CyberEspionage (Again)…The Counter Terrorist Magazine February 19, 2014Posted by Chris Mark in Uncategorized.
Tags: risk management, Chris Mark, security, PCI DSS, cybersecurity, cybercrime, cyberespionage, AT&T
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In light of the continuing attacks against companies by Eastern European organized criminal groups, I thought it appropriate to remind everyone that state sponsored attacks are still a major issue. Here is a link to an article I wrote in The Counter Terrorist Magazine on the topic of CyberEspionage. “The economics of cyber-theft is simple: Stealing technology is far easier and cheaper than doing original research and development. It is also far less risky to the spy than historic cloak and dagger economic espionage.”
Chris Mark & Heather Mark in Feb 2013 TransactionWorld February 1, 2013Posted by Chris Mark in Uncategorized.
Tags: AT&T, Chris Mark, cybercrime, cybersecurity, Heather Mark, Maritime Security, PCI, risk management, somali pirates
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February’s edition of TransactionWorld was released today and both Chris and Heather have articles in the issue. Chris (that is me) wrote “Security in Dangerous Waters; Pirates & CyberCrime” while Heather wrote “Shifting Targets; Dealing with Regulatory Shifts in Data Security & Privacy”. Please be sure to check out the articles..
Security Survey December 3, 2012Posted by Chris Mark in Uncategorized.
Tags: CISSP, risk management, security, security survey
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I am completing a project for an research brief and would appreciate if any security professionals (or former security professionals) could take 5 minutes to answer the survey. NO personal information is collected. Thank you in advance for your help!
“Boo!” – October 2012 issue of TransactionWorld October 30, 2012Posted by Chris Mark in Uncategorized.
Tags: Chris Mark, Dr. Heather Mark, economics, PCI DSS, risk management, security, transactionworld
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I (Chris) am finally back in the US after traveling for the past two months. If you haven’t had a chance yet, please check out October’s issue of TransactionWorld and read articles by Chris Mark (Security Economics) and Heather Mark (Portable Security). If you don’t subscribe to TW, you should check it out. Everything you could want to know about payments. (well..not everything but quite a bit).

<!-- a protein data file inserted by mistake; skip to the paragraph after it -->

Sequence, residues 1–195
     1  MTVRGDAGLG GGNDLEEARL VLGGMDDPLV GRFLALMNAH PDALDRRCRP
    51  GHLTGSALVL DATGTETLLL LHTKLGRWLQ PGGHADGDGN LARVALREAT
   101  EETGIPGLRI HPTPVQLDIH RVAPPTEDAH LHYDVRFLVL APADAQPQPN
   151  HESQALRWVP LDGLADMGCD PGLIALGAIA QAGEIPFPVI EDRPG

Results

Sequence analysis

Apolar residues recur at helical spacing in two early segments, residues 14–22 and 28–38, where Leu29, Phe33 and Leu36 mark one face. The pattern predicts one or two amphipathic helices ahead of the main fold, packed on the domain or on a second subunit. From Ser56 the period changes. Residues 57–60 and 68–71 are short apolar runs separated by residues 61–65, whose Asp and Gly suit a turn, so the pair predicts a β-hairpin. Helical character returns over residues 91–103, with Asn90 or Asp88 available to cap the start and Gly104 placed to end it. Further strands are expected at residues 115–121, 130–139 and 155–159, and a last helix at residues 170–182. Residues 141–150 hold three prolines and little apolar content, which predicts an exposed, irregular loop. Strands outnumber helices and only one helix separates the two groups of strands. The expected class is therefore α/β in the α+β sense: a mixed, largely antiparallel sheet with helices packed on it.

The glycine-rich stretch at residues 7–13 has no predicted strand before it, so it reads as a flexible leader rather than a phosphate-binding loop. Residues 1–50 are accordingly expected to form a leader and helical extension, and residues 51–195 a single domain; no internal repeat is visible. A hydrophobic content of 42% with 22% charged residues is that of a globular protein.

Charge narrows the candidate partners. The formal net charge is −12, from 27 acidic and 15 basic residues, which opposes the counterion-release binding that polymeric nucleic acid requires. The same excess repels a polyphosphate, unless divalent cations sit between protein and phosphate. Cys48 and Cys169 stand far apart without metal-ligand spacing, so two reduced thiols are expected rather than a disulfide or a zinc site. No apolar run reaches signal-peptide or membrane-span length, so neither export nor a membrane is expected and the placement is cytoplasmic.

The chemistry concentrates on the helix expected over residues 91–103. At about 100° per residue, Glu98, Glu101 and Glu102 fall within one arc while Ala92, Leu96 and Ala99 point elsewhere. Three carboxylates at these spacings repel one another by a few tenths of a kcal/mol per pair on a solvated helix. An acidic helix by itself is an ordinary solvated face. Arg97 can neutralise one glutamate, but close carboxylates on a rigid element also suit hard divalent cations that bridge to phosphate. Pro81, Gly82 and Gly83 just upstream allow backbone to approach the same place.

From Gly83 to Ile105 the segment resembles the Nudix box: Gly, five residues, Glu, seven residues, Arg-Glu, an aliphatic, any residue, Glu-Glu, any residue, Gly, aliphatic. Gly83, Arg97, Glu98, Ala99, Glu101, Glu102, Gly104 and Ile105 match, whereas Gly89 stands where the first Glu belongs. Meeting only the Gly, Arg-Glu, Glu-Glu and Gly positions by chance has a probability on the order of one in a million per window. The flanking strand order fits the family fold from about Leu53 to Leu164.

Tags: cybercrime, cybersecurity, data breach, FISMA, HIPAA, HITECH, NPI, PCI DSS, PHI, PII, privacy, risk management, state breach notification
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There are currently over 45 state breach notification laws, several data protection laws, and numerous regulations including PCI DSS, HIPAA/HITECH, FISMA, and more. I frequently find myself working with companies on data breach notification plans. One of the more interesting (and heated) discussions comes when I ask them to define a “data breach” or “data compromise”. More interesting is when I ask them to define a “suspected data breach”. Visa’ rules state that “suspected” breaches must be reported within 24 hours of identification or there could be penalties. Consider the following example. You, as CSO, are informed of a malicious software outbreak in the customer service department. Does this require notification under the state breach notification laws, or relevant regulatory regimes? Maybe, maybe not. It is dependent upon a number of factors including access to data, data protections (ie. encryption), segmentation, the various laws etc. In short, it is not easy to decipher yet it is critical to be as accurate as possible.
Understanding what is, and what is NOT, a data breach or data compromise is the first step in defining your company’s data breach notification plan. The reason it is so critical is in the titled of this article. Once you notify that your company has been ‘breached’ you cannot ‘unring that bell’. The genie is out of the proverbial bottle and things start moving quickly. Most company’s would absolutely hate to make an announcement only to find that, while they may have experienced a security incident, it did not impact sensitive data (PII, CHD, NPI, PHI, etc.). It is important that you work with your compliance group, legal (don’t forget legal!), and the infosec & risk department to ensure you have a solid understanding of when, and under what conditions your company is required to notify of a breach or suspected breach. Here are some basic definitions to use as a starting point. (check with your legal council and don’t simply use these…there..that should protect me!;)
Security Incident/Event – Any event that compromises the availability, accessibility, or integrity of any asset. This includes systems, personnel, applications, services, etc.
Data Breach – Any exposure of or unauthorized access of sensitive and/or protected data to include PHI, PII, CHD, and NPI.
Suspected Data Breach- In the absence of direct evidence (identified fraud, or misuse of data, for example), any Security Incident in which it can be reasonable assumed that sensitive and/or protected data was exposed or accessed without authorization.
Remember, some state breach notification laws do not consider a breach of encrypted data as a trigger for notification…others do ;) If you need help unraveling these issues (insert shameless marketing plug)…contact Mark Consulting Group…www.MarkConsultingGroup.com
graphic by Hippacartoons.com